Who Are We

Common Ground is a movement that sets out to examine Oxford’s colonial past in the context of its present-day inequalities.  We do not want to ‘erase’ Oxford’s imperial legacy, we cannot.  We need to investigate it.

We do not want to ‘erase’ Oxford’s imperial legacy, we cannot. We need to investigate it.  

Over the past few years, the university has made conscious effort to increase the numbers of ethnic minority students, and students from lower income backgrounds who enter the institution, as well as trying to tackle implicit bias.  

Yet this January, an Access Officer at an Oxford College called David Lammy’s suggestion that Oxford interviewers may have unconscious bias ‘absolute nonsense’.  And in November, Oxford refused to answer why they admitted a disproportionately small number of Black British students when questioned by BBC Documentary ‘Will Britain Ever Have a Black Prime Minister?’.

“Look. Oxford carries a bias: institutionally, it’s harder for black people to be here.  That’s a form of systematic racism. We need to embrace that uncomfortable conversation.”

As Cameron Alexander, former president of the Oxford ACS, explained as part of the same documentary, Oxford is institutionally racist: “Look. Oxford carries a bias: institutionally, it’s harder for black people to be here. That’s a form of systematic racism. We need to embrace that uncomfortable conversation.”

Watch Cameron’s interview below:

This comes after Oriel college openly ignored petitions from the Rhodes Must Fall movement to, among other things, provide a recourse for racism on campus and decolonise our curriculums last year.  It’s not just Oriel college which has a problem: many of us have experienced attempts to shut down conversations about race and class at our colleges.

It is not just Oriel college which has a problem: many of us have experienced attempts to shut down conversations about race and class at our colleges.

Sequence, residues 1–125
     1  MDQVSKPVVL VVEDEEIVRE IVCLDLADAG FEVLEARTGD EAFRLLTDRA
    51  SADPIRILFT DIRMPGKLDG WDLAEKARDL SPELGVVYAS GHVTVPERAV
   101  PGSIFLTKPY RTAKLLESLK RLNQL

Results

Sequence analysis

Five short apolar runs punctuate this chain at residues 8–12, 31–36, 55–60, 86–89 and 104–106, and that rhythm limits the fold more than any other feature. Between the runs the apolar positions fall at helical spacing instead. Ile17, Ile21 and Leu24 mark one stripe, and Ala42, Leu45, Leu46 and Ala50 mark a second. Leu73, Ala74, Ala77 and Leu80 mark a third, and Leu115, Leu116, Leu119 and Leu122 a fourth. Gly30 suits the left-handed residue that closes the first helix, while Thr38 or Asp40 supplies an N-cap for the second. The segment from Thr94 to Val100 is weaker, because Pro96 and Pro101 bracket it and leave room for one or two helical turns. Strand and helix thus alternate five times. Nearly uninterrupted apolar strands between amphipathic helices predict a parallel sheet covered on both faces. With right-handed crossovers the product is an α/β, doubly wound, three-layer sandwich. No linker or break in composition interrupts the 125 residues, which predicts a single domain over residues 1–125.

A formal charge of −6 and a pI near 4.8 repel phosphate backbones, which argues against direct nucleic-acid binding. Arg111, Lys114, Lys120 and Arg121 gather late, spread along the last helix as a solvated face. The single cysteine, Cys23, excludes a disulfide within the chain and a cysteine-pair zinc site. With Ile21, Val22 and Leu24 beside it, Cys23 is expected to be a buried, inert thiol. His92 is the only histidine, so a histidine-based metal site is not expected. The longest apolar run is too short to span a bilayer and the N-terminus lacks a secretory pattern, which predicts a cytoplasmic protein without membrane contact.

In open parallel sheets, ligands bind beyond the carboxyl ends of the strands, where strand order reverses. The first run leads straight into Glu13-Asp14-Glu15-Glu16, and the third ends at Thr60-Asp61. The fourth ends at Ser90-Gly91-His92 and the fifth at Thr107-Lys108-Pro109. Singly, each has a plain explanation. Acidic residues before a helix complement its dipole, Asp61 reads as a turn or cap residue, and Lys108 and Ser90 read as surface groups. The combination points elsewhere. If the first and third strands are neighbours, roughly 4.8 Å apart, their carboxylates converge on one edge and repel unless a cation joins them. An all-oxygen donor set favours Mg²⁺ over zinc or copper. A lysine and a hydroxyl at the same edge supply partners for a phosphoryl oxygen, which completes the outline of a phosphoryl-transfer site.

This can have a big impact on BME students, and students from low-income backgrounds who, vastly under-represented at Oxford, can feel very isolated in their concerns.  This experience of Oxford – our experience – stands testament to an institution which has great difficulty both interrogating its past and addressing its present.  That’s why we’ve organised a symposium.

That’s why we’ve organised a symposium.

We want to discuss Oxford’s relationship with British imperialism in the context of institutional racism and classism in the present day.  

 

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Students protesting in support of the Rhodes Must Fall Oxford campaign. Image from ‘Rhodes Must Fall: Why British Universities Need To Decolonise Not Diversify’, Consented, 29 Dec. 2015. See here.

We’re discussing class and race in relation to admissions and university life; we’re debating a future for decolonisation in our spaces and our curricula; we’re celebrating what it means to be ‘young, gifted and black’ in the U.K. today, and much more besides.

Join us at the symposium for panel discussions, talks, poetry + spoken word, screenings, art and performance, in collaboration with academics, commentators, artists, campaigners, researchers and multiple student societies, and organisations from across the country.

Oxford’s ‘Imperial Past, Unequal Present’ is Common Ground, and it’s about to be contested.

 

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